Liberia: Dr. Laurence Bropleh to Re-strategize Government’s Information Dissemination

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Former Information Minister, Dr. Laurence K. Bropleh

Monrovia – President George Weah’s new Special Envoy and Advisor says he’s aware of the communication challenges dogging the government, while hinting the significance of a “proactive communicative style”.

Dr. Laurence K. Bropleh, who served as Minister of Information during the first tenure of Ellen Johnson Sirleaf, was recently appointed by President Weah in dual capacity.

While his role will mainly be advisory, he seems upbeat by the task and has told FrontPage Africa in exclusive interview how he intends to serve the government.

As an advisor to the President, he will have oversight responsibility by working with the government’s media team, helping to structure and restructure government’s messaging – making it very strategic, making sure that the intent and spirit of that message is communicated to the people, he said.

Now an Attorney-at-Law, Dr. Bropleh is also well vast in communicating government policies and agenda, evident by his standout performance in the Sirleaf’s administration.

With his new portfolio in the new administration less than a month old, he’s aware that “a lot needs to be done” to reshape the government’s public relations module.

He will be liaising with the Ministry of Information Cultural Affair and Tourism as well as the Presidential Press office to derive communication strategies.

“We know that a lot of mistakes [have been made] in terms of not collaborating, speaking none-secretively and mix-messaging – we need to change that,” the former MICAT boss said.

“We have started that process, especially with Minister Nagbe and myself – we’ve done some early interventions and I think you realize now that not too many people are just speaking off the top of their head.

“We don’t need that because this is a government that is serious about its image but also serious about what it does in the interest of the people.”

He emphasized that the government will now adopt a more “proactive communicative style”, which will focus more on “communicating the facts and not to embellish”.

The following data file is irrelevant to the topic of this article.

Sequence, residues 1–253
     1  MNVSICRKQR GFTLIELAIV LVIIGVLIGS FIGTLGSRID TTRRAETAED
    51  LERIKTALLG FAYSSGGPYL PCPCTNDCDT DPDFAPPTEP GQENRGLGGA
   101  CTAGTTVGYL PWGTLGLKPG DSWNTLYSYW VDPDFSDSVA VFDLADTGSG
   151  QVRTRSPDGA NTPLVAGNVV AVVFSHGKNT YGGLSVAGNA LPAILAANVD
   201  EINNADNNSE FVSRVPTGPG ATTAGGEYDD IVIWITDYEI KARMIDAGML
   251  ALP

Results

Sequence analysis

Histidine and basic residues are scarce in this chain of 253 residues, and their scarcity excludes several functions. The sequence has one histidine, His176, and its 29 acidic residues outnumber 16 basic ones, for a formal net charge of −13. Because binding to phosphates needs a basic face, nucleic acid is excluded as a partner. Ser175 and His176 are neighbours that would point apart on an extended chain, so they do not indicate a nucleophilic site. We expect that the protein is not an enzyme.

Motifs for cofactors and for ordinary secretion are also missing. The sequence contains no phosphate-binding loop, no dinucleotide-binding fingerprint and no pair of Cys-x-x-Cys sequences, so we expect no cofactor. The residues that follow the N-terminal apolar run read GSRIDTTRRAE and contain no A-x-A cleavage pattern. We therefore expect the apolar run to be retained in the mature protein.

“We will communicate that which will help the expectation of our people so that people understand what exactly is the current context. Messaging is extremely vital to governance and so we gonna work harder now,” he said.

Delving into the incessant rift between the media and the government, Dr. Bropleh claims that “a lot of work needs to be done” to rekindle the relationship.

“In consultation with Minister Nagbe, we gonna plan to have series of a tete-a-tete with the media. This government cannot be successful absent the media,” he emphasized.

“The media must be the watchdog but the media must also be collaborators in terms of telling the story as it is.”

Meanwhile, as special envoy, he will execute particular assignments from the President to achieve specific results in order to support the Pro-Poor Agenda.

And he says there’s a lot that is expected of him which he has already started working with Minister of State to achieve.

“Public service is the best gift one can give his if her country and I intend to do that and,” he says.

Dr. Bropleh contested the 2017 elections as an opposition in Grand Bassa County legislative elections.

With his appointment, the question is whether or not he would face resistance from partisans of the ruling party, who might be apprehensive about an opposition having the ears of the President.

But responding he says, “I hope that doesn’t happen because I will be working at the will and pleasure of the President,” while lauding President Weah for the inclusive approach.

“He’s gone outside of his political box because he knows that I am a member of the opposition but he’s reached out to me because he says I am a Liberian, who gifts and abilities can help serve the country.

“The President has the desire, I believe, to step outside politics – yes, he has the hardcore, diehard partisans but I think he also sees that he is coagulating the foundation of the governance of our country by extending the invitation to none CDCians, and I hope he goes to others.”

Meanwhile, Dr. Bropleh, who worked with the United Nations and various international organizations including ECOWAS and AU, says his role as Special Envoy will be a complementarity to the Foreign Ministry.

“That will be able to help us move some of these things forward because the nation needs a lot and a lot is riding on this presidency,” he said.

As Special Envoy, he’s also opting to tap into President Weah’s legacy as a former world soccer star to “mirror” the image of Liberia and keep it positive, adding “We need a shift in the rebranding of Liberia”.

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